DDT was one of the most widely used pesticides following World War II and was promoted as having insect-killing powers that would make homes healthier and comfortable. At the same time, evidence was mounting on how DDT could persist in the environment and bioaccumulate as it moved up the food chain. Bioaccumulation occurs when an organism absorbs a substance, such as a chemical or pesticide, at a faster rate than it can metabolize or excrete it. The substance can then become highly concentrated in an organism and cause problems.

Thus, because of DDT bioaccumulation, the compound became particularly deleterious to birds by making the shells of fertilized eggs so brittle that they cracked under their parents’ weight. The most threatened birds included peregrine falcons, ospreys, brown pelicans, and bald eagles, all of which were brought to the brink of extinction.

By the time DDT was banned in the US it had already contaminated nearly everything that Americans ate. Several years thereafter, DDT and its carcinogenic metabolite dichloro-diphenydichloro-ethylene (DDE), were still being detected in US food.

The story of DDT does not end with its banning by the USEPA. Elsewhere it is still in use in countries that continuously battle malaria until suitable alternatives for the control of mosquitoes can be found. How those countries are being affected by the continued use of DDT is largely unknown because there seemingly are no ‘Rachel Carsons’ to study the effects on the environment so as to alert society. I doubt that many know the reasons why DDT was banned in the first place and use it because it is moderately toxic and relatively safe when handled.

When growing up in Kenya, I applied DDT by hand to control corn borers without using personal protective equipment. It never even crossed my mind that there was any problem with the chemical and it is only later when I had the opportunity to study pest management that I learned the reality. I wonder how many Africans are even remotely aware of the dangers posed by the continuous use of DDT?

SUPESTA ( confronts the challenge of pesticide use in Africa. We:
  • work with smallholder farmers, agro-dealers, extension personnel and others who routinely apply pesticide and help them build a knowledge base in pesticide use and safety,
  • promote alternative approaches to total reliance on pesticides, such as integrated pest management, and
  • help develop easily accessible tools that provide information on pesticide handling.
    Ultimately, less harm will come to humans and the environment when pesticides are used by knowledgeable people. 

The good, bad, and ugly about pesticides

So far in my blogposts I have talked about pesticides as one entity. However, to get to the heart of why pesticides deserve more attention than what they currently receive, one must delve deep and look at aspects of individual pesticides to understand why they are good and also in what circumstances they can become bad, or even ugly.

This month, February 2018, is the inaugural annual National Pesticide Safety and Education month. Under the sponsorship of the National Science Foundation Center for Integrated Pest Management, this initiative is dedicated to reinforcing core principals of safe pesticide use across the United States to raise awareness of the potential hazards of pesticides and to support Pesticide Safety Education Programs (PSEPs) conducted by land-grant universities. In addition to pesticide stewardship efforts by all stakeholders, PSEPs are important because they help keep users informed by staying current with changes in pests and pesticides. Clearly, Africa must create similar PSEPs as pesticide use escalates and knowledge lags behind.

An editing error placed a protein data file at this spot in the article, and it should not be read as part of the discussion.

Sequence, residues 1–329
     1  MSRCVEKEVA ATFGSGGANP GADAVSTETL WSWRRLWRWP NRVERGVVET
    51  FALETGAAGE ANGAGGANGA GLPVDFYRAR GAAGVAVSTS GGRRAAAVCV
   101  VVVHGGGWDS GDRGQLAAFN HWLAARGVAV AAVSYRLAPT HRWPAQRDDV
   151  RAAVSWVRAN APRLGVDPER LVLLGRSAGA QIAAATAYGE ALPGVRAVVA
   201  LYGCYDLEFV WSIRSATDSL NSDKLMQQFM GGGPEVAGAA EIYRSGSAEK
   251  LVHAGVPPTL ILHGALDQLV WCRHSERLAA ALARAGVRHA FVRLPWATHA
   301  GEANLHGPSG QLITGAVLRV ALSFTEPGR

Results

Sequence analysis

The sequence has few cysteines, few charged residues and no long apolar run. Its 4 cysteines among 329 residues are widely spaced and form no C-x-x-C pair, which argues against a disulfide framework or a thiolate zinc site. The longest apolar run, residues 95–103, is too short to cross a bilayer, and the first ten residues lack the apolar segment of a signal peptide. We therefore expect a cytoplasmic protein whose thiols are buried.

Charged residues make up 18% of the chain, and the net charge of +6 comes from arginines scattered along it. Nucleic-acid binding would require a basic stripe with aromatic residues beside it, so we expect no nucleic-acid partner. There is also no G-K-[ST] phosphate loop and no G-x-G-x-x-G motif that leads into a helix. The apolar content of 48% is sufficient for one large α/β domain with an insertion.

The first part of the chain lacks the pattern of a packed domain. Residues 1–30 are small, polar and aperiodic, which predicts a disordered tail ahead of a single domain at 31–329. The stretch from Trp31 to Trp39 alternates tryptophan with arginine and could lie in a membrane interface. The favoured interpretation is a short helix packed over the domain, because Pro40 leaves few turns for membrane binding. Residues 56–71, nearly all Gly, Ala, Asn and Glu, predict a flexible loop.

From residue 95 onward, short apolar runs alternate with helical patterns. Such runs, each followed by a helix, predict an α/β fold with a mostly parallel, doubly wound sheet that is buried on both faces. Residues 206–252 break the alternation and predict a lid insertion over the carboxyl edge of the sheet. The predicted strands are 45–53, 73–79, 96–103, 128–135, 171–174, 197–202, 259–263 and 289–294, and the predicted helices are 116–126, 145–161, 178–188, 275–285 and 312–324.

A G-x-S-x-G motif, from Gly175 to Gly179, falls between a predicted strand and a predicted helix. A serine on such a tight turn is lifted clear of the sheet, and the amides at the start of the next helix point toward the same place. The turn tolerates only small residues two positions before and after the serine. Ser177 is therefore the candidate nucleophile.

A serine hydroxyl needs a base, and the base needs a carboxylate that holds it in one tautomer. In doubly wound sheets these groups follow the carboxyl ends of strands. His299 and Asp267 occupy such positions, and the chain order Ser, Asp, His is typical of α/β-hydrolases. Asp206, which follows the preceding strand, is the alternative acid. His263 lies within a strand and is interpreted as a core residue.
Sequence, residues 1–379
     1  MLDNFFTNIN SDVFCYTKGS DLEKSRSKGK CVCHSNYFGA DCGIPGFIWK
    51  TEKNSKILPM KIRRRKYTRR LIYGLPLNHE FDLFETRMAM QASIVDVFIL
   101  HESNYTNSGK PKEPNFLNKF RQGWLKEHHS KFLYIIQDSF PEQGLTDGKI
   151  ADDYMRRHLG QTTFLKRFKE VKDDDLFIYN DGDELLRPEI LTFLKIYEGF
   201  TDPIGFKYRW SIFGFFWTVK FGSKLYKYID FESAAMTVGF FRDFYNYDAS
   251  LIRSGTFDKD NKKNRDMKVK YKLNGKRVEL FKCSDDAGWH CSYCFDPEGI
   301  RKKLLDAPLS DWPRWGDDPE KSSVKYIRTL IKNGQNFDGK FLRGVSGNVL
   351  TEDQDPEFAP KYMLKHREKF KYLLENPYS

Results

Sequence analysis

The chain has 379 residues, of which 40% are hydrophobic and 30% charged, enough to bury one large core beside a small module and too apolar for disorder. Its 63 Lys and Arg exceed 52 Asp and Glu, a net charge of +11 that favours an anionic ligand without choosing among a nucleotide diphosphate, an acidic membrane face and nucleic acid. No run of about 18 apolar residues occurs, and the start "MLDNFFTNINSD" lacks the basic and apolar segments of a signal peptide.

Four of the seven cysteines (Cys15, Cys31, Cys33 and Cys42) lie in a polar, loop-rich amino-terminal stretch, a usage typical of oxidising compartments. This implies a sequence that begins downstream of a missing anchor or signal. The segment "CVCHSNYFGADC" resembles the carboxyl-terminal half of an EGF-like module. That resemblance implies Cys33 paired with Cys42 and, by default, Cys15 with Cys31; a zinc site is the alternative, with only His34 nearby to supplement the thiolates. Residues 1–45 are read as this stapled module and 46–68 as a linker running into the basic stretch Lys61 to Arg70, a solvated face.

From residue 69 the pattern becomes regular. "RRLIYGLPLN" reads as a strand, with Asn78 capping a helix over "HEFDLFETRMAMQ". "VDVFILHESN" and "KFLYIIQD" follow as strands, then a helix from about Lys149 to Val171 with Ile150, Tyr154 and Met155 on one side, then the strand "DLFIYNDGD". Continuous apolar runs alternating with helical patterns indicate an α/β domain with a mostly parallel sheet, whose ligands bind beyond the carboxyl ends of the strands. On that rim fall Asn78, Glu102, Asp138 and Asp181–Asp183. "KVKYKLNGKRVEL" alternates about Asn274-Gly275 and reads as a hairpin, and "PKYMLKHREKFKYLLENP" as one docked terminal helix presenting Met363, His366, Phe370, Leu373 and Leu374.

Spraying herbicide

A farmer spraying herbicide on his crop. Only a portion gets to the intended target with the remainder reaches where not intended and can cause serious harm.  Picture courtesy of

Many an African farmer makes the decision to use a pesticide because he/she believes that only good things happen when you use a pesticide. That is not an informed choice and one that is likely to lead to bad or ugly things happening. So, as a service to Africans, let’s begin to talk about selected pesticides which are commonly used and why they are good, bad, and sometimes ugly.

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Introducing Pesticides to Smallholder African Agriculture

Managing crop pests has always been a major part of my life. Ever since I was able to handle a hoe and use it for land preparation and weeding, I became a member of our family’s crop management team. Ultimately, hoeing became part of my life because we grew sizeable acreage of maize (corn) and edible beans which we used as staple foods.

Besides hoeing, cultivating maize often required an application of insecticide to prevent stem borers from establishing, damaging the crop, and reducing yield. The insecticide was administered by placing a small amount of a granular formulation into the funnel of each maize plant before tassels emerged. We used no personal protective equipment (PPE) because we knew no better and were given no advice to the contrary. Despite some yield-reducing pest problems occurring in the bean crop, no pesticides were applied in-season.

The next battle with pests came after crops were harvested and stored. The major storage pest at the time was a grain weevil that would infest maize and bean seeds in storage and, to a large extent, render the produce inedible. Consequently, insecticides were mixed with the harvested maize and beans by hand, without PPE, prior to bagging and storing (see Oct. 9, 2017 blogpost). Of particular note here is that once pesticides were applied in storage they could not be removed from stored maize or beans prior to consumption.